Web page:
In challenging sweatshop exploitation, the Maruti Suzuki workers were striking a blow not only for workers in India, but for workers around the world. Their defence is a vital first step in forging the international unity of the working class that is needed to fight global capital—that is, in making the objective unity of the international working class a conscious political strategy.
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Jitendra Kumar, a MSWU Provisional Committee member, spoke with WSWS reporters at the union’s office in Manesar. Kumar, who originates from the Rewari district in Haryana, was hired as an apprentice at Maruti Suzuki’s plant in Gurgaon in 2005 after he completed welding courses at an Indian Technical Institute (ITI). He was recruited to the Manesar plant, 10 miles away, as a trainee in 2009 and became a permanent worker in 2010.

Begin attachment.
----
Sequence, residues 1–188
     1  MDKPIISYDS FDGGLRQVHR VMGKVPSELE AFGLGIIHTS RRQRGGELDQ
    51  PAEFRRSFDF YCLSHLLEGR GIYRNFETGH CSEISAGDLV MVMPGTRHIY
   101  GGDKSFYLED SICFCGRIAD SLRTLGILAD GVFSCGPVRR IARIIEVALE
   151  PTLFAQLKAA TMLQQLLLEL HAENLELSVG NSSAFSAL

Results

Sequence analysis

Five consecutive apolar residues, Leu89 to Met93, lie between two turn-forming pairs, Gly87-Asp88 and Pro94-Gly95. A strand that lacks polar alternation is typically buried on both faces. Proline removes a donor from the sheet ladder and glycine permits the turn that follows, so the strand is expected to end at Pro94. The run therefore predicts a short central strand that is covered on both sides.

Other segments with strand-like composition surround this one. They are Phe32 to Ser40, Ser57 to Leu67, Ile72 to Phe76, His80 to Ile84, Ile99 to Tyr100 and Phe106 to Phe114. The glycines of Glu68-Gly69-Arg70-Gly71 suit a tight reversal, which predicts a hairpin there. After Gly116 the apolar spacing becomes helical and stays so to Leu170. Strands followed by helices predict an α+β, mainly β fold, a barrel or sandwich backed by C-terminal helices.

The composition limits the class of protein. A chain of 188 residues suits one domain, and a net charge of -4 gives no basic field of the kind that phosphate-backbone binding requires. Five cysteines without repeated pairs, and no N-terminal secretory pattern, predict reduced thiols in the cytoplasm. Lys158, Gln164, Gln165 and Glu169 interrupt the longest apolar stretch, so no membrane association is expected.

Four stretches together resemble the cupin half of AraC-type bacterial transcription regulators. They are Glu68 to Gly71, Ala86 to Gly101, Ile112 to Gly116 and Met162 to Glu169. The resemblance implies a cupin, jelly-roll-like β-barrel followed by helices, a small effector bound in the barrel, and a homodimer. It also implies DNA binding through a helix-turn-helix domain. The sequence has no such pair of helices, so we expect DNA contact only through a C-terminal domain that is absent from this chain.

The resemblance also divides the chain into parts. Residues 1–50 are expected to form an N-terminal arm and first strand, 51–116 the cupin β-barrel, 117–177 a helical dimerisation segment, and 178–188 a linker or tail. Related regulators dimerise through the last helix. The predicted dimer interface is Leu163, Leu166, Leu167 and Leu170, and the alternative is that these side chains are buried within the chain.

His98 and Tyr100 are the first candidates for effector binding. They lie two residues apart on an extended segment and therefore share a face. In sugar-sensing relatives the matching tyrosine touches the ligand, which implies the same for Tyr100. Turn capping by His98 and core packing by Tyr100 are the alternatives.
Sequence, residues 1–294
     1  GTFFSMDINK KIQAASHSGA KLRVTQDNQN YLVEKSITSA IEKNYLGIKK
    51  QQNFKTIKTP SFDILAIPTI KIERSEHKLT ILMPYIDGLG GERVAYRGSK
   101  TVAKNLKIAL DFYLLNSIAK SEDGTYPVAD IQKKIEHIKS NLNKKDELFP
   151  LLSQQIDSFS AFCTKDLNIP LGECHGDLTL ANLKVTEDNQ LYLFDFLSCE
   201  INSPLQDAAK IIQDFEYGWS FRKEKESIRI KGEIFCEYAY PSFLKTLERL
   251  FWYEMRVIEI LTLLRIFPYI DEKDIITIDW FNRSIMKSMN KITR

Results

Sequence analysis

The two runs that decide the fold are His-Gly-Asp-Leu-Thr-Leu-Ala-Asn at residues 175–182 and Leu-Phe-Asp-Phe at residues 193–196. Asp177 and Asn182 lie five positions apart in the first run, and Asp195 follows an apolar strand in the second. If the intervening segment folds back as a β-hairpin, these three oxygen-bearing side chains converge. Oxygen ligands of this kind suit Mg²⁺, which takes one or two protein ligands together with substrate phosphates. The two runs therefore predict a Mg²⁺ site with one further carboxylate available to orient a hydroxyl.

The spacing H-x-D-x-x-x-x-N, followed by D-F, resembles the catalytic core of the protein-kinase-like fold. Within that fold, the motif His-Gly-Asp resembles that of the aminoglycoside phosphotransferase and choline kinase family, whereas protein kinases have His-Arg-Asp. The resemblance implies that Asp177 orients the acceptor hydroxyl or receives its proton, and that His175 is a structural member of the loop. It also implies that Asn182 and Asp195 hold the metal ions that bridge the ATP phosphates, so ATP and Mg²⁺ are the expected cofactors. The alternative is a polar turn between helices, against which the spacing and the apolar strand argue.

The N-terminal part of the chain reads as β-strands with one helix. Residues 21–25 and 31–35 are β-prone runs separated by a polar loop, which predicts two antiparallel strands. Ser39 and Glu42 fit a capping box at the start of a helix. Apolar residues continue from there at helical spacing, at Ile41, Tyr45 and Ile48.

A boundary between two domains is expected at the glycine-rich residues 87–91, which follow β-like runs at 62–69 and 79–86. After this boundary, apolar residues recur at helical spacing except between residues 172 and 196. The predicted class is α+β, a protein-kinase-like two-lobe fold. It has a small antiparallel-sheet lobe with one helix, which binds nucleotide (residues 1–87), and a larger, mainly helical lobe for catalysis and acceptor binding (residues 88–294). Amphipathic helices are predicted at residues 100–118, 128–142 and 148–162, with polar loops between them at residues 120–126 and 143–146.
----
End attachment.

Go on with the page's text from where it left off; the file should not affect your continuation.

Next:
Kumar reviewed the workers’ struggle to form an independent union and fight the hated contract labour system and slave-like conditions at the factory. “Learning that workers at the Honda auto plant in Gurgaon managed to get some benefits after forming a union, we thought at the Manesar plant if we formed a union we could also get our conditions improved. The management tried to impose MUKU [the company-controlled Maruti Udyog Kamgar Union] on us, but the workers rejected it. We formed MSEU [Maruti Suzuki Employees Union] and organised a series of struggles, strikes and occupations and faced a lockout too.”
The formation of the MSWU and the fight against contract labour
Kumar described how the Manesar workers went ahead to form the MSWU following management’s drive to break the MSEU and demoralize workers by threatening its principal leaders with dismissal, then bribing them to quit their jobs.